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Churches Meet Growing Needs of Communities During COVID-19

ConferencesSoutheastern CaliforniaChurches Meet Growing Needs of Communities During COVID-19
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By Natalie Romero

In the months since the spread of COVID-19, families in the Southeastern California Conference have struggled with needs like food, rent, and childcare. Church-run distribution centers have become more important than ever, serving their neighbors facing hardship.
Outreaches like those operated by the Valley Fellowship church in Rialto have become an important point of contact with community members.
“We are feeding more people than we did before, and the number is growing,” said Baron Sovory, Valley Fellowship church pastor, of their expanding food distribution. Sovory had just begun his ministry at the church a few weeks prior to the spread of the virus and had no clue that the pandemic was about to put his church front and center.
“I was still brand new!” Sovory recalled. “Though we pray and hope the pandemic will end soon, this season has been an unexpected opportunity to do ministry and build relationships.”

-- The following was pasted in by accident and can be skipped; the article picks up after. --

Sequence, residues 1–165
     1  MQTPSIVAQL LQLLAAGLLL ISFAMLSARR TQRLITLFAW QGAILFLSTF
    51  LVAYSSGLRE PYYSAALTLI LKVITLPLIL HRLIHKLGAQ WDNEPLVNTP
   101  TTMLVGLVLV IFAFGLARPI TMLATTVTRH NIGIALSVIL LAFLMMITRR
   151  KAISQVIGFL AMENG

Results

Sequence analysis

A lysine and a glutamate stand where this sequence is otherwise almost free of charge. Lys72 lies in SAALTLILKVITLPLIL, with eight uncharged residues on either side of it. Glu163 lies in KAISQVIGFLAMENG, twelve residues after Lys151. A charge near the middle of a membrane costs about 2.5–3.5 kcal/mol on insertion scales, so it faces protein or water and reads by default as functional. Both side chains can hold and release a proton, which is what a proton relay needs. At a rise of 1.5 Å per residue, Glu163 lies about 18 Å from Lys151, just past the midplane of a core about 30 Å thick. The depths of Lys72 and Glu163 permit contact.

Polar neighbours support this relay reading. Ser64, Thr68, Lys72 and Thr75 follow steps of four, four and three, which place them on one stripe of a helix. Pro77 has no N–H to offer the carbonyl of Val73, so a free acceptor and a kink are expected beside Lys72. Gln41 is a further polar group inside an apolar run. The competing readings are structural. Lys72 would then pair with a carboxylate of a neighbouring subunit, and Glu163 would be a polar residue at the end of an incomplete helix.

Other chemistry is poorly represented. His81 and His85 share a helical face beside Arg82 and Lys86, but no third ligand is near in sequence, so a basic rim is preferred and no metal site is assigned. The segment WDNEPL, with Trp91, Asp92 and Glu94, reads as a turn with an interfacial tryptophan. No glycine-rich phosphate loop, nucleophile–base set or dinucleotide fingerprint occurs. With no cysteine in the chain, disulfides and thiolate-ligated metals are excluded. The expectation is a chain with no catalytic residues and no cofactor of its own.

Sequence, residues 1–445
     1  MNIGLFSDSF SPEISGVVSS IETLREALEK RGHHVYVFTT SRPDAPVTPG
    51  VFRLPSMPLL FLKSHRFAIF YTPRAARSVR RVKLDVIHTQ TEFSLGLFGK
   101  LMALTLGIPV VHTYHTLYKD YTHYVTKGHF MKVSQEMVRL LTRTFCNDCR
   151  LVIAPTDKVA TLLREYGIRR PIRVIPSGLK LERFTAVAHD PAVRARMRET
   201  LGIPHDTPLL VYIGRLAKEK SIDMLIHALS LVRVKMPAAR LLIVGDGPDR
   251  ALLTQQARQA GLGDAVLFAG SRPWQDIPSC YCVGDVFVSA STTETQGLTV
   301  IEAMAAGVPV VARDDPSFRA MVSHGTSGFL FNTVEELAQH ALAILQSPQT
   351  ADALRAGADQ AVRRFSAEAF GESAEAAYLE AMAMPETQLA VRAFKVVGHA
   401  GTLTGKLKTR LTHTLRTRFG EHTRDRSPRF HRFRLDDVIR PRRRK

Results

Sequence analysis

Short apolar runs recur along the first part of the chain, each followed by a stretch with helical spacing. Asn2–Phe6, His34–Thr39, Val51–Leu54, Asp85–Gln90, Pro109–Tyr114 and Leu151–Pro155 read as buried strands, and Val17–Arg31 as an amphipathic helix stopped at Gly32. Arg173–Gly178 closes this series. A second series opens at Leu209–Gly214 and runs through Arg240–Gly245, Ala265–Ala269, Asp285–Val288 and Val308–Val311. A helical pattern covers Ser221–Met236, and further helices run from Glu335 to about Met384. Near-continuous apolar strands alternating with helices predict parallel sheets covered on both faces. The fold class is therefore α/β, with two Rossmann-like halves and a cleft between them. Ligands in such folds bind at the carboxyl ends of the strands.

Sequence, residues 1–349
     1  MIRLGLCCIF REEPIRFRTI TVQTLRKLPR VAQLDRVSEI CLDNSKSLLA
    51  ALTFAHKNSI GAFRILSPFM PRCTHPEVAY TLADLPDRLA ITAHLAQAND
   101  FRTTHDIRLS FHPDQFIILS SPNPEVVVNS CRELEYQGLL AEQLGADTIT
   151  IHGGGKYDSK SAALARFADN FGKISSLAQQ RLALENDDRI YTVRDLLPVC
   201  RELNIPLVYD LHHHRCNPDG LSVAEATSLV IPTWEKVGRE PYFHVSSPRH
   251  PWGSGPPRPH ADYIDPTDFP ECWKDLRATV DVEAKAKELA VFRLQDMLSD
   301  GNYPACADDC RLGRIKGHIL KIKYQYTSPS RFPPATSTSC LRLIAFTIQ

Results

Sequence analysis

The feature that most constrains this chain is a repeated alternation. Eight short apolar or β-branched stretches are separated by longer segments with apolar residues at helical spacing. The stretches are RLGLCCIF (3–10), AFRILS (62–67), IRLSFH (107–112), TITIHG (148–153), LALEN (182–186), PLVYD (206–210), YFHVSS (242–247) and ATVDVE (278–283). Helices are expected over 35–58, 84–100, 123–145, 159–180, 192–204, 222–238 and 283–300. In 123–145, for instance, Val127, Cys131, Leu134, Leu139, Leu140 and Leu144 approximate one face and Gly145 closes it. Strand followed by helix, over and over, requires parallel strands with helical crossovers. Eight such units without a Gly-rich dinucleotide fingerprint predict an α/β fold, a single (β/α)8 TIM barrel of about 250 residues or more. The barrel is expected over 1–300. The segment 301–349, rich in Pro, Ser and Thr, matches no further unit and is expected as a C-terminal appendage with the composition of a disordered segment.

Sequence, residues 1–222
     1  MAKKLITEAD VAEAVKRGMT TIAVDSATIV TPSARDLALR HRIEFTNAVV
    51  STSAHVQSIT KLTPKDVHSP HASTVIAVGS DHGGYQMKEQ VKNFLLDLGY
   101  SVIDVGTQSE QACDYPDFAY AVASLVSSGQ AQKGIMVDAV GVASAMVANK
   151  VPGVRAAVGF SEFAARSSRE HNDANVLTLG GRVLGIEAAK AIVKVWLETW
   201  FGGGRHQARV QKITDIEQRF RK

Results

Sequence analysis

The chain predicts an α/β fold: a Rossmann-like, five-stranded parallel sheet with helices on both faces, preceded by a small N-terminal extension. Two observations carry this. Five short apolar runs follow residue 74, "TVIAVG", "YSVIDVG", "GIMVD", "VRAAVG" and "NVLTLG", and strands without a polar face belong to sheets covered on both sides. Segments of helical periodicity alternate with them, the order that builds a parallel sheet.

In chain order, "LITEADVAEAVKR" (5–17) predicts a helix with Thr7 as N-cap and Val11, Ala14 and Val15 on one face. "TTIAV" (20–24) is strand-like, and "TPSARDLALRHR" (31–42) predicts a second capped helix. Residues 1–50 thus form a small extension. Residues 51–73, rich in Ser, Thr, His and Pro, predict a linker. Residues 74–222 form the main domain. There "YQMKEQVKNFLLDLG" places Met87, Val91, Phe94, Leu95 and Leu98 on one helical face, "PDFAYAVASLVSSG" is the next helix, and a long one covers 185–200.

“We are feeding more people than we did before, and the number is growing.”

Similarly, the Inland Empire Filipino church has seen an increase in the basic needs of their community. Volunteers used to serve food to approximately 50 homeless people a week. Over the past few months that has changed. Explained Algier Ravelo, senior pastor of the church, “We have food distribution every Tuesday and Thursday, serving 100 to 200 people.” Most come to gather food for their families, in households where they no longer have employment. The church also regularly receives donations of used clothing, household items, and even cash that they can pass on to those who are struggling. “Lately,” Ravelo recalled, “we received a donation of a motorized wheelchair.”

Carolyn Fairley, director of community service at Valley Fellowship church.

Like their neighbors in Rialto and Redlands, members of the San Bernardino Community church have doubled their food bank efforts. The church has been able to provide disadvantaged families with temporary housing, and “our food bank is now open three days a week. On average each week we feed over 600 families,” said Jerrold Thompson, pastor of the church. In spite of the challenges presented, the congregation’s volunteers are not giving up. “What we are doing is a must,” Thompson emphasized.
Moving forward, all three churches are aiming for further expansion of aid. As Sovory explained, “Food is the start, but not the finish.” Valley Fellowship is partnering with Loma Linda University for community health initiatives, while San Bernardino Community recently launched an outdoor church service on Sabbath evenings. “There are a lot of people who need help, and God also has a lot of resources,” Ravelo shared. “We have many challenges. But we’re all blessed.”

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